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Published: Jun 05, 2024 6 min read
Dance moves with money bill
Lixia Guo / Money

Warmer summer days mean the clock is ticking to prepare your wallet for extreme weather.

In the June edition of best money moves, we're focusing on some persistent money stressors, including how to prepare for the possibility of costly hurricane damage and ways to save while staying cool this summer. Plus, we'll also give tips about where to look for food deals when it feels like prices won't ever come back to normal. Let's dig in.

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1. Check your insurance coverage ahead of hurricane season

The start of June marks the beginning of the Atlantic hurricane season. Financially preparing for hurricanes is a smart move every year, but it’s especially pertinent right now. Weather forecasters at the National Oceanic and Atmospheric Administration predict that this year’s season could be one of the most active ever, with up to 25 named storms.

Start by reviewing your home and flood insurance policies so you understand what disasters are covered. Standard homeowners insurance typically covers a range of natural disasters. But there are crucial exceptions, like flood damage, and most coastal states have a separate windstorm or hurricane deductible that comes into effect during storm season.

If you’re a renter, you’ll need your own insurance to cover damage to furniture or other possessions. Your landlord’s coverage will only apply to the structure of the building. These tips only scratch the surface of how you can prepare. For a more in-depth checklist, read the Insurance Information Institute's hurricane season insurance guide.

Note that changes to existing insurance policies typically only take a few days to go into effect. But you can’t wait until there’s a storm barreling your way, as most insurers don’t allow changes after a storm watch or warning has been issued in your area.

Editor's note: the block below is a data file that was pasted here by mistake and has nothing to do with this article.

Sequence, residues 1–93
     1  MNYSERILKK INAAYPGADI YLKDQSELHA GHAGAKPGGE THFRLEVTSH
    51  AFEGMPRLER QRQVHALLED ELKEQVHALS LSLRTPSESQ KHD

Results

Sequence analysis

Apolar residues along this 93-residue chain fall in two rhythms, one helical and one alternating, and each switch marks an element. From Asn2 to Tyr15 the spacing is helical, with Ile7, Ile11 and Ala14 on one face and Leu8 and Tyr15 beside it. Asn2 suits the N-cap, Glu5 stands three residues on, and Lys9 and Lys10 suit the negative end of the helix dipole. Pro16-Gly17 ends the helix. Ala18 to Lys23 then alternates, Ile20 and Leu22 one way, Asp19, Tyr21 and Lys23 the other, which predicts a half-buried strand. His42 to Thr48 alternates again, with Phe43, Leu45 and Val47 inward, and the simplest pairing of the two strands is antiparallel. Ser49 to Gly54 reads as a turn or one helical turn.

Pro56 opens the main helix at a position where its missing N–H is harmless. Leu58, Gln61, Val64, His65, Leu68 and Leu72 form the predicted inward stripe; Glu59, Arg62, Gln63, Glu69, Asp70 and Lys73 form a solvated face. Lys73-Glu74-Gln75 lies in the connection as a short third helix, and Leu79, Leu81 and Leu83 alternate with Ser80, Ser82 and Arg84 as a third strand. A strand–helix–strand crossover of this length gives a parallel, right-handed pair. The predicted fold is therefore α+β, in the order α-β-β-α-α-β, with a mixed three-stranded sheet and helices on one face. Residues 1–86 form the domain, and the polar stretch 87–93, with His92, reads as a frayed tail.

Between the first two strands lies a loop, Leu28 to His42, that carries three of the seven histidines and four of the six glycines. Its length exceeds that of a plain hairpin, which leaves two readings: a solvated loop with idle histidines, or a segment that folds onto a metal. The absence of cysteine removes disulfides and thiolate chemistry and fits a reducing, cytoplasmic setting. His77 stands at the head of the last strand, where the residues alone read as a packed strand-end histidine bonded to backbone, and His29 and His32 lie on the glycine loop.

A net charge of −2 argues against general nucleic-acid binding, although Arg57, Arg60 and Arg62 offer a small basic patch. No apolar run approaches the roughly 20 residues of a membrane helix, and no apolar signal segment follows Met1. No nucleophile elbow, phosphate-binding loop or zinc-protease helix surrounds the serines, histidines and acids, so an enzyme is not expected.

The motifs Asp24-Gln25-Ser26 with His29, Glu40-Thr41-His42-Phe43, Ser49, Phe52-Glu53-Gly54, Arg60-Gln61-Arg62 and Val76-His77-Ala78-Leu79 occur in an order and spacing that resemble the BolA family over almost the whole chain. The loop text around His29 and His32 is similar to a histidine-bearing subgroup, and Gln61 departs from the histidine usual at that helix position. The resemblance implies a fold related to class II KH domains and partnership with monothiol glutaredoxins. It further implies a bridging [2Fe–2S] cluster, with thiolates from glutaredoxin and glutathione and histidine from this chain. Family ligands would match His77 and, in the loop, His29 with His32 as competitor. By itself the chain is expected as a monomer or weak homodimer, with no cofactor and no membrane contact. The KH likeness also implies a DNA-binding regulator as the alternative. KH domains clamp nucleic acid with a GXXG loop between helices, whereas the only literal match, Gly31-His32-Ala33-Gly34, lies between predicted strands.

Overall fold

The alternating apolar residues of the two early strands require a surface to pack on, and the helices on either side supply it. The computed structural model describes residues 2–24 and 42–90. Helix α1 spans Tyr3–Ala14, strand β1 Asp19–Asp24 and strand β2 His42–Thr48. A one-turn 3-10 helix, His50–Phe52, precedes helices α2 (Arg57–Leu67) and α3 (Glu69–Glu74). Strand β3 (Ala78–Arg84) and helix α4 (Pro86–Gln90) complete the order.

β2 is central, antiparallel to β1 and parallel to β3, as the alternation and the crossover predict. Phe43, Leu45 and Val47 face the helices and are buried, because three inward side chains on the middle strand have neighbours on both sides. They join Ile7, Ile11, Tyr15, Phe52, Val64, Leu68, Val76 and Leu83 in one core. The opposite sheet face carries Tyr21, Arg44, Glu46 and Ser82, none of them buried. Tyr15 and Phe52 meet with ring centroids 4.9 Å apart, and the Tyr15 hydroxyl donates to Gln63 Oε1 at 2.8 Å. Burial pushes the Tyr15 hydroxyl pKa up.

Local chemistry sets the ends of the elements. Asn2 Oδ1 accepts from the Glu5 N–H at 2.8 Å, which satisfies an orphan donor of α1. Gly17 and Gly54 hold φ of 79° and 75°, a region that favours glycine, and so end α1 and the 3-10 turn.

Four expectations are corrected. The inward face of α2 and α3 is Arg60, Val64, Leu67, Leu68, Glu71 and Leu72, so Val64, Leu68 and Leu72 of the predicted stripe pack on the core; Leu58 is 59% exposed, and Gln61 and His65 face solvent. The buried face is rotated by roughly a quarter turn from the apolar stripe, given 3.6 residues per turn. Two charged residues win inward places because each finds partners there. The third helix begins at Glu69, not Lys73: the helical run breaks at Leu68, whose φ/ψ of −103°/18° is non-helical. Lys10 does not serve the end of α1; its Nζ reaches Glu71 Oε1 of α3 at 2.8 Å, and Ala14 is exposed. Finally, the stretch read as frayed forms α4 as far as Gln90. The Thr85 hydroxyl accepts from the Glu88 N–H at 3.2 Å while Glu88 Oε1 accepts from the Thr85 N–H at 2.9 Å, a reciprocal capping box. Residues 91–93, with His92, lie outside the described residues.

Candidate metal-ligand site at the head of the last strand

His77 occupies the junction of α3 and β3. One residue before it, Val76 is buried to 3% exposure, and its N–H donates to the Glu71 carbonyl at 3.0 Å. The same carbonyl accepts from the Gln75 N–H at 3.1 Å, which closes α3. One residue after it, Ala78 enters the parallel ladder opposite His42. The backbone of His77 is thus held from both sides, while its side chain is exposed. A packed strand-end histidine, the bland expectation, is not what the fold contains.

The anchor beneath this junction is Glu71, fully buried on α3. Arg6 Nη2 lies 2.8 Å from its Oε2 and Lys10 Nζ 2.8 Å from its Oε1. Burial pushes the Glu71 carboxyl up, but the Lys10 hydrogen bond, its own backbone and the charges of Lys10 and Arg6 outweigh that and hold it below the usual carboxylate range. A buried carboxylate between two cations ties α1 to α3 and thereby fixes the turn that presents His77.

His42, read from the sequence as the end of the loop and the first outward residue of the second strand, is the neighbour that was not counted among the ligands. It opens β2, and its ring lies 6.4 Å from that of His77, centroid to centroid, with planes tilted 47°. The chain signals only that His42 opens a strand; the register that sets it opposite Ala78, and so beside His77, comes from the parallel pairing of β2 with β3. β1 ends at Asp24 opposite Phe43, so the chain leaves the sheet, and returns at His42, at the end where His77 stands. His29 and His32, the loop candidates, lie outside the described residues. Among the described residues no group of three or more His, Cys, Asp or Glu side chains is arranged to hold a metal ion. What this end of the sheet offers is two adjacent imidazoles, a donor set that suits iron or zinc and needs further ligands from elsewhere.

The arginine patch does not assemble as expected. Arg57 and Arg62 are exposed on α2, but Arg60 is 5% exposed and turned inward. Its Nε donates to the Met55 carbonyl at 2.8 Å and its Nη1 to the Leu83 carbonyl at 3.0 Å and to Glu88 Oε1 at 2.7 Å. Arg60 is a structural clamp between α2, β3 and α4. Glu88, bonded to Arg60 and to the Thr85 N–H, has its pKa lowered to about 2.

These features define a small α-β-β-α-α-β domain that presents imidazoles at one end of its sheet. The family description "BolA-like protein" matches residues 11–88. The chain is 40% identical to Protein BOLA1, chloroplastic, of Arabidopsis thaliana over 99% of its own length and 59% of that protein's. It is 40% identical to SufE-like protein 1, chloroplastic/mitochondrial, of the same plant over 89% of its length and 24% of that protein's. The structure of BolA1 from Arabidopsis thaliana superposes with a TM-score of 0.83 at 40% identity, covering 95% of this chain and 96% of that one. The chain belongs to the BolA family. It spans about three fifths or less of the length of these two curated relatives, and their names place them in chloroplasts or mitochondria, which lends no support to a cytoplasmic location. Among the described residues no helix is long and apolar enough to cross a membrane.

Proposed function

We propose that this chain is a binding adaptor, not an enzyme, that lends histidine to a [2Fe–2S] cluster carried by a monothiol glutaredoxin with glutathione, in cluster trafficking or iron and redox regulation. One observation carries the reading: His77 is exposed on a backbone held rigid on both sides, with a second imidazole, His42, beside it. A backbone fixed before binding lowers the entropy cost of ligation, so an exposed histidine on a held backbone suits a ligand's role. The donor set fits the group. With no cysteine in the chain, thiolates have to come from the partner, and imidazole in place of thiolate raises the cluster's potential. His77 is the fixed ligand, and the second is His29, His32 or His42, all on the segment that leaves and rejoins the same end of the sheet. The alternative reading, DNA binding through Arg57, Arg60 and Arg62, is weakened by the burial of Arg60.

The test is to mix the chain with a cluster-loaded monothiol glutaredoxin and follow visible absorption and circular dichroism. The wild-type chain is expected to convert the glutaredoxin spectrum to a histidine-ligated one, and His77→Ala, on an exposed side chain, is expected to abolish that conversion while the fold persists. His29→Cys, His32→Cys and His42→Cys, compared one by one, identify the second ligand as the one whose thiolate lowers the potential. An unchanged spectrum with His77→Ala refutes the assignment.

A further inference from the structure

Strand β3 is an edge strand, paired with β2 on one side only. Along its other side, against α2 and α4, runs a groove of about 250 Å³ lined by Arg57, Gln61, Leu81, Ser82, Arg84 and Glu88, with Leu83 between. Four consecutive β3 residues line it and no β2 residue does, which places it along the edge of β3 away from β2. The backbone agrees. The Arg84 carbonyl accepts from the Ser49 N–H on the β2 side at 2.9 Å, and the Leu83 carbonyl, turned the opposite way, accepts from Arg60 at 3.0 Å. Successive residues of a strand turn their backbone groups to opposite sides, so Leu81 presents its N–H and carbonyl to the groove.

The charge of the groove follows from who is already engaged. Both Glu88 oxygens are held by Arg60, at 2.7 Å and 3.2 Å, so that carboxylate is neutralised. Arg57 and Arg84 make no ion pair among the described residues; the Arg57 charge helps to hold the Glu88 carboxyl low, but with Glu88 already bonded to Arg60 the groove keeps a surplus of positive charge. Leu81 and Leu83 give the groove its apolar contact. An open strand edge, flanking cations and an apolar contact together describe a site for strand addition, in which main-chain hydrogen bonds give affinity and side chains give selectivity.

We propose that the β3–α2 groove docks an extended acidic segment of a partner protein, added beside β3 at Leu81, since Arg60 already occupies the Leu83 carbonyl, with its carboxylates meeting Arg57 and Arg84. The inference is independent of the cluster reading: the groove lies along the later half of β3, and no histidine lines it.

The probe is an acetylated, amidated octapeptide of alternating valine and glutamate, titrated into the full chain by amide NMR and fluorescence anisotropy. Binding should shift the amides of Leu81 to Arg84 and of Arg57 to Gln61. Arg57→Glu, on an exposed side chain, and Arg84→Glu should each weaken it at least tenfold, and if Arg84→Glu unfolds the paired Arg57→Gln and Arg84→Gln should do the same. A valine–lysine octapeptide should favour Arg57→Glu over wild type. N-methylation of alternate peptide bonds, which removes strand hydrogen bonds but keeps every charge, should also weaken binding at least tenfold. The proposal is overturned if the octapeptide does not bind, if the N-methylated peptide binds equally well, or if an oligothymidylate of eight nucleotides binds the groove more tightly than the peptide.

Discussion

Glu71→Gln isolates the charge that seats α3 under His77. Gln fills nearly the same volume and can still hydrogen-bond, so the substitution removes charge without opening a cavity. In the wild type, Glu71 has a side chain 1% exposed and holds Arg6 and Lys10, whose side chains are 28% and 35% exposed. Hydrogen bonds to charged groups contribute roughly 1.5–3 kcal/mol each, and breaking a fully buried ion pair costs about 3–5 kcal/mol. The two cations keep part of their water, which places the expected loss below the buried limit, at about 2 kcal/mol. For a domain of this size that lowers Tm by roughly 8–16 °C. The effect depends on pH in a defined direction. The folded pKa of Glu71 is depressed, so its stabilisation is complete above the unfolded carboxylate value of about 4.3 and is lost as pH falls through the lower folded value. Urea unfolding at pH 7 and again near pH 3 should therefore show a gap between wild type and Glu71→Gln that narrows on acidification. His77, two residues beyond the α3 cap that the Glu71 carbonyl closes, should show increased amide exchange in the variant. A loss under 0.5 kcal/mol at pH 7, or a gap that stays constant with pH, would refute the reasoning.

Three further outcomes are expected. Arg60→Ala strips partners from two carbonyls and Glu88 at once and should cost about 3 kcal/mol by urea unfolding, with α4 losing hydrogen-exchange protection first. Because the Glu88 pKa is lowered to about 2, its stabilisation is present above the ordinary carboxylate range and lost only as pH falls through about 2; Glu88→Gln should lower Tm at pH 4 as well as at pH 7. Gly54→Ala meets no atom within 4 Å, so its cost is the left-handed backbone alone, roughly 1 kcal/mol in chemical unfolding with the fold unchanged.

Finally, we can’t talk about insurance coverage without noting that homeowners in many states, including hurricane-prone places like Florida and Louisiana, have seen insurance premiums skyrocket recently. If you’re struggling to afford your policy, the best thing to do is be proactive. Get in touch with your insurer to ask about ways to reduce costs, and shop around to see if other companies may offer you more discounts. For more advice, see Money’s story on how to find affordable home insurance.

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2. Prep for a hot (and expensive) summer

The official start of summer may be weeks away, but some parts of the U.S. are already facing sweltering heat. In fact, this summer is ramping up to be one of the warmest on record. It's little surprise, then, that experts predict the cost to stay cool is about to soar. The average cost of home cooling this summer will be $719, up nearly 8% over last year, according to projections from the National Energy Assistance Directors Association (NEADA) and the Center for Energy, Poverty, and Climate (CEPC).

Most of the ways to keep energy costs down during the summer are fairly low tech. Start by covering your windows to keep the sun out, setting your thermostat higher when you’re not home, sealing windows to keep hot air out and turning off fans when you’re not in the room.

A little bit of maintenance can also go a long way, too. Simply replacing a dirty air filter with a clean one can improve your air conditioner’s efficiency by up to 15%, according to the Energy Department.

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3. Shop smart for groceries

Here’s some good news for Americans exasperated by doggedly high consumer prices: Grocery prices, on average, actually fell in April, according to the Bureau of Labor Statistics.

The bad news, of course, is that singular month’s decrease was fairly small and comes after a few years of rising prices, so your bill at the cash register probably still feels maddeningly high.

We know you’ve likely already employed tried-and-true savings strategies like using coupons, planning your meals around sale items and buying generic products. But this summer, you should add in another step: Look for stores offering discounts on items you buy regularly. Big brands, including Amazon, Target and Walmart, have all recently announced plans to slash prices on hundreds of essentials. (Money has a full list of stores with discounts this summer here.)

When you’re making your shopping list, keep in mind that grocery prices aren’t down across the board. The latest BLS numbers show that a variety of items have decreased in price between April 2023 and April 2024, ranging from apples (down 12%) to coffee (down 2%) to eggs (down 9%).

Yet meat, and beef in particular, is still up. Summer cookout favorites like hotdogs and ground beef increased 7% and 6%, respectively, since April last year. And pantry staples like crackers, cereals and flour are all priced higher today than last year.

One surefire way to cut back on your food spending? Eat at home. Menu prices at sit-down restaurants and fast-food restaurants are still climbing.

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More from Money:

All the Big Grocery Stores and Fast Food Chains With Special Deals This Summer

Here Are the 10 Most Expensive States for Home Insurance

What Is Flood Insurance and How Does It Work?